Flexible distribution network - Local flexibility and aggregation
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- Institutt for elkraftteknikk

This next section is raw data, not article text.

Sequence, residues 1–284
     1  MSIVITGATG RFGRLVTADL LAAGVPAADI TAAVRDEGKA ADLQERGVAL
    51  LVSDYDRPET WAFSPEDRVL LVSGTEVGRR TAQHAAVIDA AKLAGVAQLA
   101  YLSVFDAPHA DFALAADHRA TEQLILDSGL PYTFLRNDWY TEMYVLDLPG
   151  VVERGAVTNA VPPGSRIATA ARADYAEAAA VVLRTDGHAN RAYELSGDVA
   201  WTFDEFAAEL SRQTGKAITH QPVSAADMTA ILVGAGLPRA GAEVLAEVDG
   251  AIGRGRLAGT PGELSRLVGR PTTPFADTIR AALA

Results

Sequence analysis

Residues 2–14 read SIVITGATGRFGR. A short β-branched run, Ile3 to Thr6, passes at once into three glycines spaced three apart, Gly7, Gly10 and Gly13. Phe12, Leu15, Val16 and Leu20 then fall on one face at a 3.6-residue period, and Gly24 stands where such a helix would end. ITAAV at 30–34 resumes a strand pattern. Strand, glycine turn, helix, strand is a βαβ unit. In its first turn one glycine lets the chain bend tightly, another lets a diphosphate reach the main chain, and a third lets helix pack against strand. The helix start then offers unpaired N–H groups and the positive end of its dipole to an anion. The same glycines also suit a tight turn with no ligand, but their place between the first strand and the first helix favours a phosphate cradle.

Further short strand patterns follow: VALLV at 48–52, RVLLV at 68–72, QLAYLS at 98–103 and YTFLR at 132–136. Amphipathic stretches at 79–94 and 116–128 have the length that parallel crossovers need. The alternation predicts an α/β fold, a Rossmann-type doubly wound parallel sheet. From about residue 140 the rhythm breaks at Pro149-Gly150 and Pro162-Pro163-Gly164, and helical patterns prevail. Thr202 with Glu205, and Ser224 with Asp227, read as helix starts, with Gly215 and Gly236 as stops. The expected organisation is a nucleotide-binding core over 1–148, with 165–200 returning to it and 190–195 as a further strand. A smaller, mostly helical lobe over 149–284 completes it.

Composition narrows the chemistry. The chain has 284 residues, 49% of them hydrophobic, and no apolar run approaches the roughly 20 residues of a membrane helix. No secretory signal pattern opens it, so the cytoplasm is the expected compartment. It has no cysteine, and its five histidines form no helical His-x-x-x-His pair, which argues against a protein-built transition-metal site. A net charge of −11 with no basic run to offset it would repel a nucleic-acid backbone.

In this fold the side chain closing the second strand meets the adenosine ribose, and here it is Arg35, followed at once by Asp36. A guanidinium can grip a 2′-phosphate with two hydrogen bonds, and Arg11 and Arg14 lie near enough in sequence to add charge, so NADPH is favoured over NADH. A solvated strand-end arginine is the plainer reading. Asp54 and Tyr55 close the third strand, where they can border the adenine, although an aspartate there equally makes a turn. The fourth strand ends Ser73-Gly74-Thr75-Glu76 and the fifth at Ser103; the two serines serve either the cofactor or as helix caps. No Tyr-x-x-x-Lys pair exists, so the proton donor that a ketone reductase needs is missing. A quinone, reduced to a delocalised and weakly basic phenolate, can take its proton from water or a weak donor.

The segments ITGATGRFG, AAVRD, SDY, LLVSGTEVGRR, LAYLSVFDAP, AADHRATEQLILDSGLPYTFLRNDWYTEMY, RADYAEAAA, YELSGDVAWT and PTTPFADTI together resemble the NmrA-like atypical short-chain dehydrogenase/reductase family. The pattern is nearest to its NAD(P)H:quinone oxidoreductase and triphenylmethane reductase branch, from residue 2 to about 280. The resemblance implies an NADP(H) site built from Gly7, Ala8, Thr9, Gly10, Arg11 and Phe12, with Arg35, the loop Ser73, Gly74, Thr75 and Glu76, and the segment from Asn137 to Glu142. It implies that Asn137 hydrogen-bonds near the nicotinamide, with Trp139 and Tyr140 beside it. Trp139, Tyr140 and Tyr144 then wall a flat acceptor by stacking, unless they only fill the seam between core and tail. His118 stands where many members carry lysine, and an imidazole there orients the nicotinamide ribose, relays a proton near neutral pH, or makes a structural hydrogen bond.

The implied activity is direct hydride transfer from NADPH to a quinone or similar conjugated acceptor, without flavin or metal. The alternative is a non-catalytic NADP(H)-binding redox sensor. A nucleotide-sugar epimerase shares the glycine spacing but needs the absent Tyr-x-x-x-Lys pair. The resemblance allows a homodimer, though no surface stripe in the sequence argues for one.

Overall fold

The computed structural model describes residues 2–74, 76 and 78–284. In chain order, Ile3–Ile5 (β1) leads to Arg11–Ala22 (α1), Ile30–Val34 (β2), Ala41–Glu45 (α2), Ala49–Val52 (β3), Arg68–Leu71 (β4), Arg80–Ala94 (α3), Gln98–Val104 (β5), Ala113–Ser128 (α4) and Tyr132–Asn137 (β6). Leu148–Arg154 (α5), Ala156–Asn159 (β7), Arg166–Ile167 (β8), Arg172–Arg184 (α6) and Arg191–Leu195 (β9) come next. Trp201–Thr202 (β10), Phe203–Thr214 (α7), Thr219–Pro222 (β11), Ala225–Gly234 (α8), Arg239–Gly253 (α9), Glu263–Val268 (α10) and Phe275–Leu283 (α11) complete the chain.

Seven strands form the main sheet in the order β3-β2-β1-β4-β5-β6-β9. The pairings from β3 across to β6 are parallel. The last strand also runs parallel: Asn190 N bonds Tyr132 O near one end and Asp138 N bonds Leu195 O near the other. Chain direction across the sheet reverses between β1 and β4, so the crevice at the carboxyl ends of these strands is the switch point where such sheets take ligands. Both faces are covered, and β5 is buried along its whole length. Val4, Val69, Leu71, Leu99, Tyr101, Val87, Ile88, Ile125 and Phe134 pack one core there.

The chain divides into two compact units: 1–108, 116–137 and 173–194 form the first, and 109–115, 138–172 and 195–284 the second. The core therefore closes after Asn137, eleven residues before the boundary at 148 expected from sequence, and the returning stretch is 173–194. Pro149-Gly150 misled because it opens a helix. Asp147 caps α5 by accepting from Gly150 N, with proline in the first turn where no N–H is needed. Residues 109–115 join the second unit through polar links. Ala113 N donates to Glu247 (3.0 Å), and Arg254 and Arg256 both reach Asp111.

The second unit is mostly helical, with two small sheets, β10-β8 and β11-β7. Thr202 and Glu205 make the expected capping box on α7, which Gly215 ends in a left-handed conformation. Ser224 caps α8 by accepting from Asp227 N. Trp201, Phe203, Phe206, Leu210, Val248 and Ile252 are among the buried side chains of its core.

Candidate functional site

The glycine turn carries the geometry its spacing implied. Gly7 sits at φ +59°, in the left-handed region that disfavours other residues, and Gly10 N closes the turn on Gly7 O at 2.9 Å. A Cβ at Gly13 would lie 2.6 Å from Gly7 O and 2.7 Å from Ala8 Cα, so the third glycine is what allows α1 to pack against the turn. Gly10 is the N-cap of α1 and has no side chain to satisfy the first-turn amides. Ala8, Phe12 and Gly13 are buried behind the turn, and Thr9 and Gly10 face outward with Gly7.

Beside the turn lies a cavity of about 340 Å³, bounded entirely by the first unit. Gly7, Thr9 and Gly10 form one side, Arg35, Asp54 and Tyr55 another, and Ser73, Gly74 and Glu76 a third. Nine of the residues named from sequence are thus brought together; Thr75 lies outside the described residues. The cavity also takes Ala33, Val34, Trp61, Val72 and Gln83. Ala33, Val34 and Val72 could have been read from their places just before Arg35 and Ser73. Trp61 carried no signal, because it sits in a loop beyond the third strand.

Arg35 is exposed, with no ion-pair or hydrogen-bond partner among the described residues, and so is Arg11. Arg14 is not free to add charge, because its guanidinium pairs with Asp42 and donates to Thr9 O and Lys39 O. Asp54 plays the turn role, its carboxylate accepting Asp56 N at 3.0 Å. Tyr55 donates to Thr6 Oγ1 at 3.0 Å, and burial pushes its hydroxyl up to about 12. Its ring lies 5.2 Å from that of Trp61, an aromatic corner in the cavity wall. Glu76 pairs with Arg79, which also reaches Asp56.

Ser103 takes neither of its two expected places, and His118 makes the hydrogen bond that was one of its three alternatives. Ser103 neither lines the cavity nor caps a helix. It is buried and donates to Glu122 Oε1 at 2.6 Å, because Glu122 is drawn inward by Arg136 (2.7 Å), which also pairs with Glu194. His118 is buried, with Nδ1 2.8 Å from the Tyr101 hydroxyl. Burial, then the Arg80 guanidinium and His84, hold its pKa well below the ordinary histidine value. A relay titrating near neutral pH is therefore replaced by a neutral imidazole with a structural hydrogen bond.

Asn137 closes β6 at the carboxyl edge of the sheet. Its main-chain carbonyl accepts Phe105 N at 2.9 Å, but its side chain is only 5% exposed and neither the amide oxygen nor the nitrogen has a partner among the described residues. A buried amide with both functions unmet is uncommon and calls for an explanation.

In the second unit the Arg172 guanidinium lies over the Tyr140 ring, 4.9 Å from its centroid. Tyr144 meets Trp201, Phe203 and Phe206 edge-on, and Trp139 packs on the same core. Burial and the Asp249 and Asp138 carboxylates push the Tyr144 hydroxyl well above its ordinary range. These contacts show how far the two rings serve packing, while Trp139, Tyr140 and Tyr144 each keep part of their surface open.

The increasing intermittent production from wind power and solar-PV creates a system that is more complex to plan, control and balance. At the same time, there is an increase in power consumption due to electric vehicles, heat pumps and other energy-intensive appliances. The volatile system indicates a need for flexibility. The flexibility could come from distributed generation (DG), local storage or flexible demand. However, the contribution from a single resource may be too small to make an impact or to participate in the markets. Aggregation is therefore in most cases necessary. The aggregated flexibility could then be used to provide services to the balance responsible party/supplier, the transmission system operator or the distribution system operator. One part of this MSc-thesis is dedicated to the aggregator role and its responsibilities and interactions with other power system participants. The other part is a simulation evaluating the potential for a demand response aggregator in the Norwegian markets compared to the German markets. The aggregator role could be taken care of by the BRP/supplier or a third party (independent) aggregator. One of the main problems for an aggregator is related to the interaction between a potential third party aggregator and the BRP/supplier. When the aggregator activates demand response in the balance area of the BRP, an imbalance will appear. Additionally, the energy sourced by the supplier will be diverted and sold by the aggregator. The financial adjustment solutions used in many European countries today, does not offer satisfactory results for all cases. In Norway, this is avoided by requiring that all aggregators must act as the BRP for their customers, which excludes third party aggregators. This could however inhibit the development of aggregators, as they would have to compete against existing participants in the supplier market. Standardized contracts between the third party aggregator and BRP/supplier should therefore be in place to simplify the relation. The system that is used for simulation in this thesis is an urban area in the city centre of Stavanger in Rogaland, Norway. The electric vehicles and water heaters were controlled in order to evaluate the potential to provide a range of flexibility services. Day-ahead, intraday, regulating power and primary reserves markets were assessed. The water heater model is based on consumption data from ElDek, a SINTEF project uncovering residential electricity usage. For the electric vehicle, vehicle-to-grid operation is taken into consideration with its accompanying battery degradation costs. The potential profit for individual players was evaluated in the current Norwegian markets, and was compared to the potential in the German markets. As one can expect, the incentives for a demand response aggregator in a Norwegian setting was found to be too low. Most likely, the necessary flexibility can be handled by price signals from the DSO and supplier, without the need for an aggregator of residential demand. This may however change with increased market integration and growth of renewable energy sources. The German market showed some potential for an aggregator, especially for electric vehicles. The reason is the high volatility in the markets, indicating a high need for flexibility. It is however expected that aggregators in Europe will continue to focus on large electricity consumers for time being.